EEOC Examines Employers’ Treatment of Unemployed Job Applicants

In a Feb. 16 public meeting, the U.S. Equal Employment Opportunity Commission (EEOC) examined the impact of employers considering only those currently employed for job vacancies.

According to Helen Norton, Associate Professor at the University of Colorado School of Law, employers and staffing agencies publicly have advertised jobs in fields ranging from electronic engineers to restaurant and grocery managers to mortgage underwriters with the explicit restriction that only currently employed candidates will be considered.

“Some employers may use current employment as a signal of quality job performance,” Norton testified. “But such a correlation is decidedly weak. A blanket reliance on current employment serves as a poor proxy for successful job performance.”

“The use of an individual's current or recent unemployment status as a hiring selection device is a troubling development in the labor market,” added Fatima Goss Graves, vice president for education and employment for the National Women's Law Center. She noted that this practice “may well act as a negative counterweight” to government efforts to get people back to work. Women, particularly older women and those in non-traditional occupations, are disproportionately affected by this restriction, testified Goss Graves.

The Effect on Minorities, the Disabled

Denying jobs to the already unemployed also can have a disproportionate effect on certain racial and ethnic minority community members, Algernon Austin, director of the Program on Race, Ethnicity, and the Economy of the Economic Policy Institute, explained. Unemployment rates for African Americans, Hispanics and Native Americans are higher than those of whites. When comparing college-educated workers, the unemployment rate for Asians also is higher. Thus, restricting applications to the currently employed could place a heavier burden on people of color, he concluded.

The use of employment status to screen job applicants also could seriously impact people with disabilities, according to Joyce Bender, an expert in the employment of people with disabilities. “Given my experience, I can say without a doubt that the practice of excluding persons who are currently unemployed from applicant pools is real and can have a negative impact on persons with disabilities,” Bender said.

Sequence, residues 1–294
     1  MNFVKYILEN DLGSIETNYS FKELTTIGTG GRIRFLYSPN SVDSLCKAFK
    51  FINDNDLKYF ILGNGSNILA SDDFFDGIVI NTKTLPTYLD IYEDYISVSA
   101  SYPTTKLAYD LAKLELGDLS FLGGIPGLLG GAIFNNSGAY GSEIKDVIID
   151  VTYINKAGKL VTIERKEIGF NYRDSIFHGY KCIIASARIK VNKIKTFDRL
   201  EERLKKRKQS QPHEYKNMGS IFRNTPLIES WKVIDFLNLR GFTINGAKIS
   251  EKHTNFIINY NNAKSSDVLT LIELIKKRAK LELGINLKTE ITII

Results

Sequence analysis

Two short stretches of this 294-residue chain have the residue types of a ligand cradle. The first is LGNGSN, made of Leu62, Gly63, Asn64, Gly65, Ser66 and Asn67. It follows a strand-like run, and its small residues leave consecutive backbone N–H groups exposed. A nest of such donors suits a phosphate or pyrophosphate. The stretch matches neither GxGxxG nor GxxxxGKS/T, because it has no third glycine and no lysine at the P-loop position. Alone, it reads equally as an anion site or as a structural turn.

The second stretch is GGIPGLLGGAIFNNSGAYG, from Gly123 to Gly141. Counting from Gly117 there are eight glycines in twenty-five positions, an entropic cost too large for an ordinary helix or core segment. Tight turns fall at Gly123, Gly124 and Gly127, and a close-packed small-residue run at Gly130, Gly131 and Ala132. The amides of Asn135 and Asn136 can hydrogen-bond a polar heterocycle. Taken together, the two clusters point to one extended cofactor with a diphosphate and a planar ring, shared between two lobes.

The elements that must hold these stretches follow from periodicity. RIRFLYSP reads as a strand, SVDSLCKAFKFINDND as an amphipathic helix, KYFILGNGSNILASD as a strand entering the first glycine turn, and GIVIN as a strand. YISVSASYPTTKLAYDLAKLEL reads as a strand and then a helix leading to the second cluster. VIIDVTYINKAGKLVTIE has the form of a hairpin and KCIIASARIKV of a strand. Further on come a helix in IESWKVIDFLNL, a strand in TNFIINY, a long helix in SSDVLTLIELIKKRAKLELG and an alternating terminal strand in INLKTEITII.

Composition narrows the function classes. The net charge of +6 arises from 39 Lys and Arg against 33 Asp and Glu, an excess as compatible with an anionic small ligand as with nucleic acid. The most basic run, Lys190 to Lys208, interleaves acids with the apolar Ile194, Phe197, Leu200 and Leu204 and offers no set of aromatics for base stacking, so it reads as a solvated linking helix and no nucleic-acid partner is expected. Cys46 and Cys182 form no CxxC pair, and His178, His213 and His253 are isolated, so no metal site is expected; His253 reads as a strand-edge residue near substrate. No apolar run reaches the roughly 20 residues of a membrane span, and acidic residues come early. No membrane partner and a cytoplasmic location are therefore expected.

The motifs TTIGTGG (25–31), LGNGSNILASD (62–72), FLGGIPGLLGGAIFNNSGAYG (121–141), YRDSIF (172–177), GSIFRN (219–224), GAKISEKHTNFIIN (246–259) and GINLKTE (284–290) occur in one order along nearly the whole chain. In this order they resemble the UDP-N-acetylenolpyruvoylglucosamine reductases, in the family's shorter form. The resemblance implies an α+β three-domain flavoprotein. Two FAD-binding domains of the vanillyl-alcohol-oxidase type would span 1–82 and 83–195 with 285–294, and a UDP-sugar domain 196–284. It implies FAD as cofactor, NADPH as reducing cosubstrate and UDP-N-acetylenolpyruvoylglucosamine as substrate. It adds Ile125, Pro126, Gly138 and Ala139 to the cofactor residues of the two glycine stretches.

Dr. William Spriggs, Assistant Secretary of Labor for Policy, offered data supporting this testimony. Spriggs presented current national employment statistics showing that African Americans and Hispanics are overrepresented among the unemployed. He also stated that excluding the unemployed would be more likely to limit opportunities for older applicants as well as persons with disabilities.

“At a moment when we all should be doing whatever we can to open up job opportunities to the unemployed, it is profoundly disturbing that the trend of deliberately excluding the jobless from work opportunities is on the rise,” said Christine Owens, executive director of the National Employment Law Project. In addition to presenting statistical evidence, she recounted stories unemployed workers have shared with her organization where they were told directly that they would not be considered for employment due to being unemployed.

James Urban, a partner at the Jones Day law firm, who counsels employers, expressed doubt as to the extent of the problem. Fernan Cepero, representing the Society of Human Resource Professionals, told the commission that his organization is not aware of this practice being in regular use. But both Urban and Cepero noted that the automatic exclusion of unemployed persons from consideration does not constitute “due diligence” in the screening of job applicants.

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